Here at Protect & Detect, on our blog, we feel it is our duty to make sure you understand the various applications of the different types of fire extinguishers. Just as important, though, we want you to understand the differences between the types of fires which they were constructed to fight.
However, in this article, we will be shining a light on foam fire extinguishers, ensuring that, by the end of this article, you understand how to identify a foam extinguisher, what fires they able to fight and how to properly operate one.
How to identify a foam extinguisher
Firstly, before you can use a foam extinguisher, you must be able to tell one apart from the others. A foam extinguisher will have a red body with a cream band around the top of the tank. Crucially, this is not to be confused with a water mist extinguisher – a relatively new variety which has a white band around the top of its tank. Wet chemical extinguishers (yellow band) could potentially cause confusion, but it’s highly unlikely that you will find the two protecting the same area.
Which fires can they fight?
Although they are not the most versatile type of fire extinguisher, they are prevalent primarily for their proficiency at fighting the following two types of fire:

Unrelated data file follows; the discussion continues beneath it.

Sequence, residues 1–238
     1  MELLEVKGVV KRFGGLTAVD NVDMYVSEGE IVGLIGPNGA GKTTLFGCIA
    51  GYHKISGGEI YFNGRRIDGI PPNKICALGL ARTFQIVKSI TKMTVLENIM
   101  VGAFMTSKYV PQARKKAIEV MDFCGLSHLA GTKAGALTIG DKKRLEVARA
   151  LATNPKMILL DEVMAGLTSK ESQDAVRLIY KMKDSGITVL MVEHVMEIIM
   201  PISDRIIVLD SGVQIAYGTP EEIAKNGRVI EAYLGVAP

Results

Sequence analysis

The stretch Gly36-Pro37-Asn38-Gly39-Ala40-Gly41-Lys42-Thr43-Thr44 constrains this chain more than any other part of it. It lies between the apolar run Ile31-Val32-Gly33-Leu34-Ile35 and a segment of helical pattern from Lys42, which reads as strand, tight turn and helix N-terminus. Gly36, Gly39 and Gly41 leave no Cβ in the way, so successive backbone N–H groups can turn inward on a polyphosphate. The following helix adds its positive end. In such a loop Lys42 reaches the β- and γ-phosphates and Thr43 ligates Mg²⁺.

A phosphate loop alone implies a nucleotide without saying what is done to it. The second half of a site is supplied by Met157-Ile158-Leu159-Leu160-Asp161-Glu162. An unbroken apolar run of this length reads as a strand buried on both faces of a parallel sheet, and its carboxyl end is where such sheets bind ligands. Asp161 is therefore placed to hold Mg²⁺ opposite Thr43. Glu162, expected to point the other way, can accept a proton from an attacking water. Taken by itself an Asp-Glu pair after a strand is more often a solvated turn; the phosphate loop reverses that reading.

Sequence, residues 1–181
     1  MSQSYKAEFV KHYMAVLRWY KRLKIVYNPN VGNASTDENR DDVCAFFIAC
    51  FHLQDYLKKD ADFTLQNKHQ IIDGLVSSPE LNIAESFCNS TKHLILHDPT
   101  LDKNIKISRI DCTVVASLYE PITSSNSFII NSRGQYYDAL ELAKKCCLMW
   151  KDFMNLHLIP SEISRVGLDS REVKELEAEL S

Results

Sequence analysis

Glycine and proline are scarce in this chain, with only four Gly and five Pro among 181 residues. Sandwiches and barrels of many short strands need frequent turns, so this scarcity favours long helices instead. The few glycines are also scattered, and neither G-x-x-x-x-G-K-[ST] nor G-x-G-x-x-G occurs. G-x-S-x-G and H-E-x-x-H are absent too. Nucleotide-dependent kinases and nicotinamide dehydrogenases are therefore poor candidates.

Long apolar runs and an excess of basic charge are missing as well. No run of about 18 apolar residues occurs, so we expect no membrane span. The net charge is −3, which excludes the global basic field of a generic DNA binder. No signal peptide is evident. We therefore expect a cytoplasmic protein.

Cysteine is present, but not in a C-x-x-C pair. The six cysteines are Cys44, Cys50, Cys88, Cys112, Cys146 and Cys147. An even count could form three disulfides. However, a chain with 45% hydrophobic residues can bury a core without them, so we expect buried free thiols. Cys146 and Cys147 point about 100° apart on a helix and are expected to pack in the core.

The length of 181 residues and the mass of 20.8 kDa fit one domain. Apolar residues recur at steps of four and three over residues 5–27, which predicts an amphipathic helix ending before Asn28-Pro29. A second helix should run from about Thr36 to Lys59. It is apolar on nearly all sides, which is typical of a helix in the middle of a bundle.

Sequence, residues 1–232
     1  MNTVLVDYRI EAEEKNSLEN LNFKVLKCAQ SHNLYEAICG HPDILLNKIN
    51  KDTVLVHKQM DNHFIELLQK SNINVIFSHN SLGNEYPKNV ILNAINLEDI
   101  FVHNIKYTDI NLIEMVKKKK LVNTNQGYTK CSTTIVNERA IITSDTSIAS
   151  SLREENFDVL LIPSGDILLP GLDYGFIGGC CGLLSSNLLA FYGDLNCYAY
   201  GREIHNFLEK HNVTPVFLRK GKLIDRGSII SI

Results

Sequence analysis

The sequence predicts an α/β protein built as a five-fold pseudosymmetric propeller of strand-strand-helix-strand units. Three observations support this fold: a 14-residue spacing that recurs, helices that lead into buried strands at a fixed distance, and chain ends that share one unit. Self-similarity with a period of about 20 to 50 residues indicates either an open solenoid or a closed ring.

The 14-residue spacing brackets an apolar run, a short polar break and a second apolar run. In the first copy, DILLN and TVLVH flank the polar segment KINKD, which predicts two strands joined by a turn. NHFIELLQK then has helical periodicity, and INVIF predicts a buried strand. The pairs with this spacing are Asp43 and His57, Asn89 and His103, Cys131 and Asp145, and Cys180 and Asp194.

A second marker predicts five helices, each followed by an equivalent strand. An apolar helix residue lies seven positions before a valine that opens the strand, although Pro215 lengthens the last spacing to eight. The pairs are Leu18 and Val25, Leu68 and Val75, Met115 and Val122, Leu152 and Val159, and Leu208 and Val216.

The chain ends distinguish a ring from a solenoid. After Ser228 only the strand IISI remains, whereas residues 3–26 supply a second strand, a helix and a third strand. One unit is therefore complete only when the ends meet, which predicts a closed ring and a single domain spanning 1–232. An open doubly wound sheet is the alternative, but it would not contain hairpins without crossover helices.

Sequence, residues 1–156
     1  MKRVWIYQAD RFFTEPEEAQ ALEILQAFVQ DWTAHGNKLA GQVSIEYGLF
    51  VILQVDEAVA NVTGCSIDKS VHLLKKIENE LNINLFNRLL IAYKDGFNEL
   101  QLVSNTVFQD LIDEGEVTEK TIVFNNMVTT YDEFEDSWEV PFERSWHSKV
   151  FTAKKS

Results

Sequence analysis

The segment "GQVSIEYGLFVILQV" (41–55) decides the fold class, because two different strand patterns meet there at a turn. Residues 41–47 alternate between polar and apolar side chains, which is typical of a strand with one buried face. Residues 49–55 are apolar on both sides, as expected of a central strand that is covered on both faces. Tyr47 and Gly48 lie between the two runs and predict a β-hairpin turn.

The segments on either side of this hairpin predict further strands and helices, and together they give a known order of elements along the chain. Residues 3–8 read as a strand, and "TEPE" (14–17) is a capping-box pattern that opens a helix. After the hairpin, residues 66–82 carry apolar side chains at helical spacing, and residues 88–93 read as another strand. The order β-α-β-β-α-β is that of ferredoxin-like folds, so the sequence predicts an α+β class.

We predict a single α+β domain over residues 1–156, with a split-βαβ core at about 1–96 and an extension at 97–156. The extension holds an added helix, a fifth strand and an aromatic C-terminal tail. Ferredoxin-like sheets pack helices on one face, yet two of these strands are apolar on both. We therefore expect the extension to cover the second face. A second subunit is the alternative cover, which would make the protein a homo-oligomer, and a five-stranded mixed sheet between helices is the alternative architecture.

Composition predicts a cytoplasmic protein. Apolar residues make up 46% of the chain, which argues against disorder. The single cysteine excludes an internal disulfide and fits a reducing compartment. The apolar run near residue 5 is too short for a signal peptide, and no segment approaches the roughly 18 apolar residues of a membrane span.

- Class A – Fires which are caused by ordinary combustible materials. These include wood, paper, plastic, cloth and rubber.
- Class B – Fires which are caused by flammable liquids such as petrol, diesel and spirits. It’s worth noting, though, that Class B fires do not include those started by kitchen oils and fats; they require a separate extinguisher.
How foam extinguishers work
As you can imagine, foam extinguishers fight class A and B fires by covering the offending area in a thick blanket of foam. This, in turn, seals off any oxygen from reaching the fire whilst cooling the fuel source. Ultimately, these two functions guard against re-ignition, making foam extinguishers invaluable.
How to use a foam extinguisher
In order to use a foam extinguisher properly, it’s best not to opt for a ‘spray and pray’ approach. Instead, try and follow these steps:
- Before you use the foam extinguisher in question, you need to make sure that it is fully charged, and also that the safety pin through the grip isn’t bent.
- Remain a safe distance from the fire, and then remove the pin to activate the extinguisher.
- For fighting Class B, if possible, aim the nozzle at a vertical surface just off the fire. This is because aiming the jet directly at the fire may cause it to spread.
- For fighting Class A fires, aim the nozzle directly at the base of the fire, moving the jet from left to right accordingly.
At Protect & Detect, we offer a range of services to ensure your property or business meets all fire safety regulations, including a comprehensive installation and safety check on fire extinguishers and fire detection devices in a variety of business fields. For more information on our services, contact us today.